Doors & windows: Current & evolving market scenario

Vikram S. Shriram explains that an inclination towards green buildings in both residential and commercial sectors has increased with a surge in the use of uPVC windows and doors.

Vikram Shriram

Vikram Shriram

Windows and doors play an important role in design aesthetics of the interiors of any place or home décor. They provide both physical and visual connections between the inside and outside and enhance the overall appeal of the house and make it look a lot more spacious. A well planned window is one which possesses good material with good texture. A good window not only provides a house with enough light and air but it also protects it from heat, dust and rain. The windows during the older times primarily consisted of wood, aluminum or iron. As time passed, technology made usage of other alternate material as well as possibility of various design. Also, with people becoming more and more conscious of the visual appeal, a mere iron or aluminum window did not satisfy the aesthetic desires that they have in mind for their residences. Wood though was widely used; the drawbacks of weathering and termite attack as being extremely expensive made its usage restricted to only that could afford them.
The rising demand for well-designed windows has led to innovations in the quality and the texture of the windows. Today, windows are expected to perform various functions such as letting in light, keeping out heat or cold, noise attenuation, as well as being aesthetically attractive, needing lower maintenance and using energy saving, efficient materials. The latest technology in architecture has played a major role in the enhancement of new homes with smarter products. The new age material which is now being used in smart windows and doors is uPVC.
There has been a clear shift towards uPVC as a preferred windows material. Apart from its functional superiority, uPVC is also a green material. While wood promotes deforestation, aluminum windows waste a lot of energy, an inclination towards green buildings in both residential and commercial sectors has increased with a surge in the use of uPVC windows and doors. Wood windows are on their way out with the movement towards green. With the growth of the premium segment in housing, size of windows and doors is gradually getting bigger. Premium homes now have much larger windows and doors than the ones used earlier.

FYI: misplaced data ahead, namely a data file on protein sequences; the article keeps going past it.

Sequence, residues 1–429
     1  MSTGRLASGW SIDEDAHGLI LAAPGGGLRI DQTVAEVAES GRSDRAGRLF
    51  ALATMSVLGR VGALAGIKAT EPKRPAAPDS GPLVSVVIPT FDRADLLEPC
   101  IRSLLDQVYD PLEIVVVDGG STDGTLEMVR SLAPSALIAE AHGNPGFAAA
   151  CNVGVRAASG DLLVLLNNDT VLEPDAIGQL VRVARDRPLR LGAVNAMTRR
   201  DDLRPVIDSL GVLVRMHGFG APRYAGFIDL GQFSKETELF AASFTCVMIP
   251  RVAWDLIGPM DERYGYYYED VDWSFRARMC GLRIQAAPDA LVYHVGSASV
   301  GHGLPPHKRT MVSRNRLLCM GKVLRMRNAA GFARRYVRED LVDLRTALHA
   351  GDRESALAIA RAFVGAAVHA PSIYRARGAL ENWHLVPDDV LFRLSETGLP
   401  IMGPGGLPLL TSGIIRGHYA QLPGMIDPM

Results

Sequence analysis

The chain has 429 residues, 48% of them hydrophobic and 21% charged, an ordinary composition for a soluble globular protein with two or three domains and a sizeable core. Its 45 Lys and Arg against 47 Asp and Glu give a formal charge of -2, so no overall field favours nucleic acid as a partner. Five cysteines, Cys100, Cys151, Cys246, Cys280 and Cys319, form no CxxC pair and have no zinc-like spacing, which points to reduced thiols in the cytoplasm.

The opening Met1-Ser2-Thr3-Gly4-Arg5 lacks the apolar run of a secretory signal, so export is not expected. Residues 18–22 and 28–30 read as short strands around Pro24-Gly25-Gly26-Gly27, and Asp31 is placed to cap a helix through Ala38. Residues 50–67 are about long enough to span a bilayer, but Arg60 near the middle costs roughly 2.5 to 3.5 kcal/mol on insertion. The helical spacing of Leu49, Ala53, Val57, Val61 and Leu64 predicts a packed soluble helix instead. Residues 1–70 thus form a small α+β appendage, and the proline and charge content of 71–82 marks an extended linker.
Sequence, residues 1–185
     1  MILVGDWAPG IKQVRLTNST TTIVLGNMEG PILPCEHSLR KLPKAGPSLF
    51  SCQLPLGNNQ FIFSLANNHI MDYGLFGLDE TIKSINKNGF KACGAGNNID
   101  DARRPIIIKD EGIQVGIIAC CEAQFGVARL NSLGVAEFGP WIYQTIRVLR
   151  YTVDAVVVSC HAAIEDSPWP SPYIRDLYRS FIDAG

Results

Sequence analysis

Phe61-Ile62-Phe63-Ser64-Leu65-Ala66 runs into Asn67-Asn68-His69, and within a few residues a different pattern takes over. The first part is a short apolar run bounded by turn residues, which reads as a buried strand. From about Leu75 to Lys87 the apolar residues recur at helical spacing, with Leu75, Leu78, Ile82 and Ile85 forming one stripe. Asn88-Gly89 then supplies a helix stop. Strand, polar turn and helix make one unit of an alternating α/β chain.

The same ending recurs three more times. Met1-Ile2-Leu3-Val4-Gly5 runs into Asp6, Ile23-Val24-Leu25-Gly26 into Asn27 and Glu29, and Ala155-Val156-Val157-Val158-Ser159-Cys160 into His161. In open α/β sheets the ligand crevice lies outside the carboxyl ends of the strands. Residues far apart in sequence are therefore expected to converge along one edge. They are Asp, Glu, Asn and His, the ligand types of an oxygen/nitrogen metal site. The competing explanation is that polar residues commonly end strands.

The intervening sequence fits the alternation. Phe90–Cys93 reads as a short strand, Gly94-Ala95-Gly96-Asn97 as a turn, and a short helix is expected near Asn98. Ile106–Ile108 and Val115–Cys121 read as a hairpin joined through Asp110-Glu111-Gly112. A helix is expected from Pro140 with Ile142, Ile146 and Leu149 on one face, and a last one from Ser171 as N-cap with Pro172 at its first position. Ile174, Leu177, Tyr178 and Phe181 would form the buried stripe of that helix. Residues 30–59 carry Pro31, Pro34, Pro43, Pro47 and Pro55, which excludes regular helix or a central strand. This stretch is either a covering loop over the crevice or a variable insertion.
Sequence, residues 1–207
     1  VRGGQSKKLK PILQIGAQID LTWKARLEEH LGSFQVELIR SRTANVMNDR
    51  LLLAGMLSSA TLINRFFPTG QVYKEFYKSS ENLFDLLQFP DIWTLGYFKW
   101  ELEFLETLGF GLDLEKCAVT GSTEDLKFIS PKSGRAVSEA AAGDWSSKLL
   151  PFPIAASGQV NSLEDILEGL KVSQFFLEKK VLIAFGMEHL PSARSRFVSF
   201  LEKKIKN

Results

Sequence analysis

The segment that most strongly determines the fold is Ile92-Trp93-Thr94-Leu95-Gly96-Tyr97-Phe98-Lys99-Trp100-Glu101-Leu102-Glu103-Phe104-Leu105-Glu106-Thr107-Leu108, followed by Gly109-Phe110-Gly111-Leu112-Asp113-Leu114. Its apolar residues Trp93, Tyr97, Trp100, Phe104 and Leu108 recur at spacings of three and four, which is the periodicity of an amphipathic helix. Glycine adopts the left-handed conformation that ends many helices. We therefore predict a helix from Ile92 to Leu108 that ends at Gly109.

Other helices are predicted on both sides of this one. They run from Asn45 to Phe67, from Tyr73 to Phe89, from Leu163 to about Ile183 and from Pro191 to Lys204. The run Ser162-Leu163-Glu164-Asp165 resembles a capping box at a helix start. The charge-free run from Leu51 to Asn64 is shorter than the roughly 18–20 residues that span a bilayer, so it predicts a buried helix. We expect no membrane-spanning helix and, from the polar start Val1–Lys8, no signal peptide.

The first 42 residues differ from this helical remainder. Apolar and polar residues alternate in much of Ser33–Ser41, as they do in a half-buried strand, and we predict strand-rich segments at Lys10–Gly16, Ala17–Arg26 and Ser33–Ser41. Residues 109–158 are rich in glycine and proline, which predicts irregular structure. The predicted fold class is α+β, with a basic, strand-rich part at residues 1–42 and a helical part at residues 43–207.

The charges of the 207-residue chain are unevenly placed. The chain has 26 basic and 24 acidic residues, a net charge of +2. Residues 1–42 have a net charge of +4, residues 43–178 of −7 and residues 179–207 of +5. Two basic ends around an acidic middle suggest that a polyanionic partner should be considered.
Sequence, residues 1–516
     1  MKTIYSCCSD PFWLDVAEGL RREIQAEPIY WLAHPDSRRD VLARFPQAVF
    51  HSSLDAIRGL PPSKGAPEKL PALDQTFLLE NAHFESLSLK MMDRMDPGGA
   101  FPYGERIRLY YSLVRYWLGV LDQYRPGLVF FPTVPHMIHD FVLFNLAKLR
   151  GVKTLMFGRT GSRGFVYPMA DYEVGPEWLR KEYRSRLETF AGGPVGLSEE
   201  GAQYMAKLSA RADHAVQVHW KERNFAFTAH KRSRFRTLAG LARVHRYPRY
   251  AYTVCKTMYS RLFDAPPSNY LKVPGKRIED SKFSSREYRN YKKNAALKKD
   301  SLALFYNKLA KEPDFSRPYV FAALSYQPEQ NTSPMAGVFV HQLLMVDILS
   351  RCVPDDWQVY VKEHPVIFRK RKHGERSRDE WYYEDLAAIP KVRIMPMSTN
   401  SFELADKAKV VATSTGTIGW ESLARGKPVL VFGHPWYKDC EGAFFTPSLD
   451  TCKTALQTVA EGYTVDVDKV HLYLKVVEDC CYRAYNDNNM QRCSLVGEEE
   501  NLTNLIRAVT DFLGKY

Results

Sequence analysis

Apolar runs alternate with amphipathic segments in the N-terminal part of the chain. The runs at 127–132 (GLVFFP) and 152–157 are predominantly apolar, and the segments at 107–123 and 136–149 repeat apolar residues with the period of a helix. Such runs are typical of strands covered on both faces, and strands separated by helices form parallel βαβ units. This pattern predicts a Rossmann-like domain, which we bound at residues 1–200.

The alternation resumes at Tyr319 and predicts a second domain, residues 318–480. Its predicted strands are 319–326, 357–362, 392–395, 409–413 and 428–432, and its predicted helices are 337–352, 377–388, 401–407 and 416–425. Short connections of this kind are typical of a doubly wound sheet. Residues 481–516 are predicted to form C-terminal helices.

Globally, uPVC windows and doors have been well accepted, with wide usage, due to better aesthetics and excellent insulation characteristics. We have seen a shift towards the usage of uPVC windows in India now as a result of the growing focus on energy efficient performance for homes and buildings. It is poised to achieve a higher and faster market penetration in the years to come. Double glazed windows with uPVC frames are proven performers in reducing energy consumption for heating and cooling and consequently over their whole lifecycle can reduce a building’s greenhouse gas emissions by as much as half compared to the use of aluminium framed windows. uPVC is effectively replacing aluminum , steel and timber now.
As a comparatively new product in the market, uPVC windows organized players are meeting International standards. Standards suitable for Indian conditions are being formalized as players pitch in their energies to give the customers the best deal. In a market where standardization is an issue, several bodies are taking a lead in helping to establish standards and there is a need to define profile width, formulation and environmental safety. Additionally, environmental bodies like IGBC associated with LEED ratings and GRIHA are also helping promoting uPVC for energy saving initiatives.
Since windows and doors play a major role in a home, it is important to select the right windows and doors for your home. Today it’s not just about safety or beauty, it is actually the confluence of both, in a way to provide complete style package for home. Needless to say, the future holds bright for the fenestration industry, and opportunities are up for the alternate material especially uPVC in the door and window market.

(The author is Vice Chairman & Managing Director, DCM Shriram Ltd. Fenesta Building Systems is one of India’s largest windows company and a division of DCM Shriram Ltd.)

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